"Lay It Down" is the 29th studio album by American recording artist Al Green, released May 27, 2008, on Blue Note Records. The album was produced by Ahmir "Questlove" Thompson of The Roots and James Poyser. Four tracks feature guest artists, two with Anthony Hamilton, and one each with John Legend and Corinne Bailey Rae. "Lay It Down" is Green's first Top 10 Album since 1973, and, according to Metacritic, has received widespread acclaim from critics. "Stay With Me (By the Sea)" won Al Green and John Legend a Grammy award for Best R&B Performance by a Duo or Group given in 2009.
Al Green's 5th, 6th, 7th & 8th albums on 2 CD's, the second of three mid-priced sets that encompass all 12 of his studio albums for Hi Records. Originally issued between 1972 and 1974, these albums include the Top 5 hits 'You Ought To Be With Me', 'Call Me', 'Here I Am (Come And Take Me)', 'Livin' For You', 'Let's Ger Married' plus 'Sha-La-La (Make Me Happy)', 'L-O-V-E (Love)', 'Oh Me', as well as the classic tracks 'Take Me To The River', 'Funny How Time Slips Away' and many more.
Al Green's first four albums on 2 CDs, the first of three mid-priced sets that will encompass all twelve of his studio albums for Hi Records. Originally issued between 1969 and 1972, these albums Include the hits 'I Can't Get Next To You', 'Tired Of Being Alone', 'Let's Stay Together', 'Look What You Done For Me' and 'I'm Still In Love With You', as well as the classic tracks 'How Can You Mend A Broken Heart', 'Love And Happiness', 'Simply Beautiful' and many more. Authoritatively annotated by Tony Rounce, the forty-track package includes three bonus non-album b-sides, featuring Green's amazing reading of The Beatles 'I Want To Hold Your Hand'.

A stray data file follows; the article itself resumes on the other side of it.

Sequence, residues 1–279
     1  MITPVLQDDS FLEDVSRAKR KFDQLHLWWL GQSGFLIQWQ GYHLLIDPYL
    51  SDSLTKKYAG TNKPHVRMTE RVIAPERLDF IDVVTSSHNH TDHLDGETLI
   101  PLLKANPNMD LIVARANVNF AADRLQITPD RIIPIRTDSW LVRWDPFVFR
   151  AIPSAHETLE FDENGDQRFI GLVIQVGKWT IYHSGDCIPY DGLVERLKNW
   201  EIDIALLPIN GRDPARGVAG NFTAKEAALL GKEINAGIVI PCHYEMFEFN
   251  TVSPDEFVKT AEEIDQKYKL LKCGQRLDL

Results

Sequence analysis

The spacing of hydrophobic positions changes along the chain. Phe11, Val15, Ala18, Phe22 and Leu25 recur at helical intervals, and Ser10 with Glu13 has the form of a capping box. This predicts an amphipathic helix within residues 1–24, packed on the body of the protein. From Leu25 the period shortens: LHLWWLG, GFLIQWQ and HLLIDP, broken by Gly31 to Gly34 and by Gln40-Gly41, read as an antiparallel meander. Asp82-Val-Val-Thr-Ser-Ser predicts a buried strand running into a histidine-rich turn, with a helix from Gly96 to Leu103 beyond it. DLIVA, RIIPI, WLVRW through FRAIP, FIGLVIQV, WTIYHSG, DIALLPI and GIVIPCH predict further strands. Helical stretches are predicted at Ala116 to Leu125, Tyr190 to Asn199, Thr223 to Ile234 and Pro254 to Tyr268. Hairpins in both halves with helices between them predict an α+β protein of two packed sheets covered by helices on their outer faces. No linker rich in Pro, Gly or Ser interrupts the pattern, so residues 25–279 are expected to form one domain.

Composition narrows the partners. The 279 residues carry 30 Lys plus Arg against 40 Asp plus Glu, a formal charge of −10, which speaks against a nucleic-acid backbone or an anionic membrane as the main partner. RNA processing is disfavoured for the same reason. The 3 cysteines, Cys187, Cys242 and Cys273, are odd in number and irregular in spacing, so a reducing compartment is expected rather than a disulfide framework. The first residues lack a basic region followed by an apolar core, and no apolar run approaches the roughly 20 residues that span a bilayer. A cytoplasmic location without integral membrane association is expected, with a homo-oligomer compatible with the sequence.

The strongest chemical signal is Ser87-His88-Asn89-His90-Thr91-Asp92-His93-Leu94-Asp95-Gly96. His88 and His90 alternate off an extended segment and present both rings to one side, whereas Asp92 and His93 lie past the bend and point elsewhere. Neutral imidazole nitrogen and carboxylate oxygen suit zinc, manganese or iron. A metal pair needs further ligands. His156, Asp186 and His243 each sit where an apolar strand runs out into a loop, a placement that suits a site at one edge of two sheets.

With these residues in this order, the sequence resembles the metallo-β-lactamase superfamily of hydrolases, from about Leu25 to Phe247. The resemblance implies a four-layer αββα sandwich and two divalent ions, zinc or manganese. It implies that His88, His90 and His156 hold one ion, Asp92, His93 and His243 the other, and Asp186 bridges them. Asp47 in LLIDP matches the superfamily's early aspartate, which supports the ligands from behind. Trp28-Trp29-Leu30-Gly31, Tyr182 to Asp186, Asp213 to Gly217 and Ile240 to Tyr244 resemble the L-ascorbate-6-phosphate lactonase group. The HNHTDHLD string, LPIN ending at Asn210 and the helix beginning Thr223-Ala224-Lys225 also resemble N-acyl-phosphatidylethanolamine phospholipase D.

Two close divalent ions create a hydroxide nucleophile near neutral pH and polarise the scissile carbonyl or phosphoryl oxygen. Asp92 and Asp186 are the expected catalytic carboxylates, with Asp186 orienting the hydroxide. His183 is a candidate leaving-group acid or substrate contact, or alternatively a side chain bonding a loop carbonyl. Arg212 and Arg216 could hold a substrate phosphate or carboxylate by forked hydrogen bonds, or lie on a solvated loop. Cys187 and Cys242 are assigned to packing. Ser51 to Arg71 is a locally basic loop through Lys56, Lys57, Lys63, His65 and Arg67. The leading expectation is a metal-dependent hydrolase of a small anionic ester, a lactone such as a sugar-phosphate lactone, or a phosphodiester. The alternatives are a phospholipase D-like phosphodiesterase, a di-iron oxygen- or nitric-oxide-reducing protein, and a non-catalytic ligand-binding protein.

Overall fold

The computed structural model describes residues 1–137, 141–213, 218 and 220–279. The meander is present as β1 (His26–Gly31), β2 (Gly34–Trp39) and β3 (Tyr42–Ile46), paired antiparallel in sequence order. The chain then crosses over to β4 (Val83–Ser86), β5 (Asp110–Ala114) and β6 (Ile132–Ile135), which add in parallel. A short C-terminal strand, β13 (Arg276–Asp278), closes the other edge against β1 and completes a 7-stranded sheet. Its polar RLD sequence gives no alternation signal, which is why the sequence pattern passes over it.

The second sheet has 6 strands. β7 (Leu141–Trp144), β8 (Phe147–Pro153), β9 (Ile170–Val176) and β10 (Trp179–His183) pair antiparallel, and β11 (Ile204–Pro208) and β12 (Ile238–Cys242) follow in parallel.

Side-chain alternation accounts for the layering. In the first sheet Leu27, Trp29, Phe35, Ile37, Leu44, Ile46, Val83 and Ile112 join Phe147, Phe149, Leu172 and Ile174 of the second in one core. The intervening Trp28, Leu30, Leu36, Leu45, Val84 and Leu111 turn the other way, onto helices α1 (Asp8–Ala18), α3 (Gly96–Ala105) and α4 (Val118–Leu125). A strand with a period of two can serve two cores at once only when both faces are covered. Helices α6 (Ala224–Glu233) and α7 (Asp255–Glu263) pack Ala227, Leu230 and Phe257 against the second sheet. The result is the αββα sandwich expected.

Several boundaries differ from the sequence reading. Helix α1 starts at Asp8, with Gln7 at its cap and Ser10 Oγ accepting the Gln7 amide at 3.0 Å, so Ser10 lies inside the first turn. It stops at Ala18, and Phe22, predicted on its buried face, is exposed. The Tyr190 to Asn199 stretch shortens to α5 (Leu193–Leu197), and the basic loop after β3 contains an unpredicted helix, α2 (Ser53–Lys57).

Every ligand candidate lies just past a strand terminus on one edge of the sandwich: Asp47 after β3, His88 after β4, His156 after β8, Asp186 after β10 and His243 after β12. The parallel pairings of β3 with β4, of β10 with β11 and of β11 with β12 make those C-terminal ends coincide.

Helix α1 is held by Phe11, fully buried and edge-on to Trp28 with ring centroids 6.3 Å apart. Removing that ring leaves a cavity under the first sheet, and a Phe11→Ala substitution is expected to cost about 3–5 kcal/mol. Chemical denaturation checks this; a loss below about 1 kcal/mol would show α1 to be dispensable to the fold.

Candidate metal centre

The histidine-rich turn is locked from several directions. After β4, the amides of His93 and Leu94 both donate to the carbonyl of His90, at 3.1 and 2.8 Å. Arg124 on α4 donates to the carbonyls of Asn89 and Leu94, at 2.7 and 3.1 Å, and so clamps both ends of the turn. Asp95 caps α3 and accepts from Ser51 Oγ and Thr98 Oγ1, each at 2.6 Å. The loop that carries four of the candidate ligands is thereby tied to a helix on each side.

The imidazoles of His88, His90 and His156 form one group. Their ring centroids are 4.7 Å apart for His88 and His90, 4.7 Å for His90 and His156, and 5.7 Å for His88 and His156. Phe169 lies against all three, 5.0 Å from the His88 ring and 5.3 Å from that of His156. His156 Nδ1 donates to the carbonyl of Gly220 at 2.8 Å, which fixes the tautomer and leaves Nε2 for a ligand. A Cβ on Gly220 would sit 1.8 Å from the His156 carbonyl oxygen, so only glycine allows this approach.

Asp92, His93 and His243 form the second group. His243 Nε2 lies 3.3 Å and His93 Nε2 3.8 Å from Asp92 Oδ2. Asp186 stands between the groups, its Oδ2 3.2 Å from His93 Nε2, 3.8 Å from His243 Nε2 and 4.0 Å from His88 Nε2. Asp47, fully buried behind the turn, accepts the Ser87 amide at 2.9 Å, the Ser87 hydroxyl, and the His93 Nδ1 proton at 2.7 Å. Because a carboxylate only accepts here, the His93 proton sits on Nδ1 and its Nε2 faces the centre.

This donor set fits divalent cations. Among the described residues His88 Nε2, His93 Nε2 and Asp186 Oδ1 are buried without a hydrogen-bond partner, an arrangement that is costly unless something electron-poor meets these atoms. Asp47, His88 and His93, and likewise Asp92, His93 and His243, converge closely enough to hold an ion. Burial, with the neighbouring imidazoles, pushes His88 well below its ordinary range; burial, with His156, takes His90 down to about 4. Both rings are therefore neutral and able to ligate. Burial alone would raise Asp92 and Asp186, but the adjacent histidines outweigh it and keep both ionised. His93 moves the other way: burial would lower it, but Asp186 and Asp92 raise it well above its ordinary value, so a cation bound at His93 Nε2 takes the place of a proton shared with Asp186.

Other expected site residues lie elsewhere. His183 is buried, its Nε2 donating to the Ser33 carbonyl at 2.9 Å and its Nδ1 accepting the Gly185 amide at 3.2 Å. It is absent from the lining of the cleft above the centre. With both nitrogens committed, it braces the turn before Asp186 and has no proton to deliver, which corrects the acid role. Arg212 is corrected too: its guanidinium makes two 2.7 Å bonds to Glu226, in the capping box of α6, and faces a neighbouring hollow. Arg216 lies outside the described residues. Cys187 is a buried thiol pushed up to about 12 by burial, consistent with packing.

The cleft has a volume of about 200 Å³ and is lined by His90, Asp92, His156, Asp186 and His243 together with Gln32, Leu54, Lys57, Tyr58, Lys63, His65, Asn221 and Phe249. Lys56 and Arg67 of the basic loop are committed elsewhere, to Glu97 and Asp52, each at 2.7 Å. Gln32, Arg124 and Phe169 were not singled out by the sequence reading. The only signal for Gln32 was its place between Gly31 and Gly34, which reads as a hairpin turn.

Al Green fans will be aware that The Immortal Soul of Al Green actually marks the second time that a four-CD box set of Green's recordings has been assembled, following by seven years its predecessor, Anthology. That being the case, the obvious question is, why do listeners need another Al Green box set? The answer lies in the two conflicting approaches most often employed in box sets. Basically, two different audiences buy box sets: first, those who are looking for a single, omnibus collection of an artist's recordings that is more comprehensive that a "greatest-hits" album; and second, collectors who already have all the hits and are looking for rarities and unreleased material.